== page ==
Week 5 Review

This week I’m reviewing my first album that I consider obscure. It’s not an internet sensation nor has it defined a decade. So let’s take a look at …Waltzing Alone by folk band Guggenheim Grotto.     

Artist: The Guggenheim Grotto {Shane Power (drums, piano), Mick Lynch (guitar, vocals), Kevin May (vocals, guitar)}
Album: …Waltzing Alone
Year: 2006
Genre: Folk-Pop
Rating: 3.75/5 Stars (5/5 Stars if you’re feeling introspective or heart broken)

Worth Your Time? If you’re in the right mood.

Twitter Review: …Waltzing Alone is like a finely aged scotch. You sip it slowly appreciating the individual flavors and smells that surround it.

Top 3 Tracks: 

  1. Wonderful Wizard
  2. Rosanna
  3. Philosophia

Things to Look For:

  • So many instruments. All three band members are multi-instrumentalists so there’s more going on here than your average album. You can tell they searched for that one instrument to give them the exact sound they were looking for.
  • Look ma, no drums! There’s quite a few tracks that do not not make heavy use of percussion.  Maybe that’s not special for folk music, but as your average listener it stood out to me while listening this week.
  • Craftsmanship. Obviously, these guys had more interest in creating gorgeous sounds for your mind to process than trying to appeal to the masses. I could see listening to this album with my co-workers $1000 headphones to appreciate all the little touches. (Yes he does actually let me borrow them at work from time to time.)
  • Is the Cake a lie? My wife says Wonderful Wizard sounds like a Cake song.  And I have to agree. They are one trumpet away from it being on Prolonging the Magic.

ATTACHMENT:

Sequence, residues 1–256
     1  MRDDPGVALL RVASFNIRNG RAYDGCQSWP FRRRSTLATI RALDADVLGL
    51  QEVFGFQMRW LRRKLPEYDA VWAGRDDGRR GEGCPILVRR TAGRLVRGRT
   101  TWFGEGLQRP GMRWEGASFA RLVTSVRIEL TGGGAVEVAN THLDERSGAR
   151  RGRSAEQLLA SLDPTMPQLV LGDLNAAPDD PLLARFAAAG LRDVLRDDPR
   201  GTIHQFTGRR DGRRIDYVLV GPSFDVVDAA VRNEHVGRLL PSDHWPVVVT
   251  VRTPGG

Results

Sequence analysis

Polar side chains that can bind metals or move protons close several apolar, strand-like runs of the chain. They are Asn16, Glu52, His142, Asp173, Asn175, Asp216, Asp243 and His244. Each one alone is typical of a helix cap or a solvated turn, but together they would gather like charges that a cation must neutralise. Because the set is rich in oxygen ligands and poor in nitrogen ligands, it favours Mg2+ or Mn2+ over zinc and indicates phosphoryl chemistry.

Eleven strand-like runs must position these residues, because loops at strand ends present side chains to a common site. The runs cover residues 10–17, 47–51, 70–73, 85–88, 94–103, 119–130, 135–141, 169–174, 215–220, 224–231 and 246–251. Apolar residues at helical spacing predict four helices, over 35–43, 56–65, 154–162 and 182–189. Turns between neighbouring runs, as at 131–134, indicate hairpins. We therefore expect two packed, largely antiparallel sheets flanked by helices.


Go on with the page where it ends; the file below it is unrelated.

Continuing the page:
Low Points: There was actually one point in the chorus of the song I Think I Love You that infuriated me nearly every time I listened to it. He says “Hell I want to scream” but at no point does he ever raise his voice to anything close to a scream.  I guess I have the mind frame of show me/not tell me when it comes to writing and that chorus is nothing but tell.  But this album’s biggest downfall is that you really need to be in the right mood to appreciate it. Some of my favorite albums bring a mood to me and not the other way around so I think it deserved to lose some stars because of that. If you don’t agree I don’t care because yeah, well, you know, that’s just, like, your opinion, man.

Anything Else: There’s something worth mentioning here outside of the music that makes this album worth owning like as in a physical copy kind of owning.  They really put incredible effort into the album’s packaging.  It’s basically a small book with red leather texture and silver embossed text.  That right there is pretty special since your average CD comes in a plastic jewel case that you’re never going to make any kind of connection with. If it cracked you would simply replace it with another one that looks exactly like it without ever giving it a second thought. In a word: disposable.

The liner notes begin with 5 pages worth of excerpts from an online discussion on a site dedicated to graphic design about the current state of CD packaging.  This is followed by the lyrics for each song with several illustrations related to the lyrics. Then it closes out with commentary by Shane, Mick and Kevin for each of the songs that brings insight into what was going on inside their heads such as that they were all heavily listening to Marvin Gaye when Vertigo was formed into being. You really don’t get this level of detail and discussion with your average album. Do yourself a favor and hunt down the CD rather than downloading the MP3s if you plan on getting this album.  I’ve included some pictures to help you visualize the awesomeness.


On a random note, my wife and I were at the concert where the Vertigo video I just linked to was recorded. We high tailed it up to Cleveland to see a They Might Be Giants concert where they performed Flood in it’s entirety. And that is where I first became acquainted with The Guggenheim Grotto and, like with most opening acts, I bought their album.

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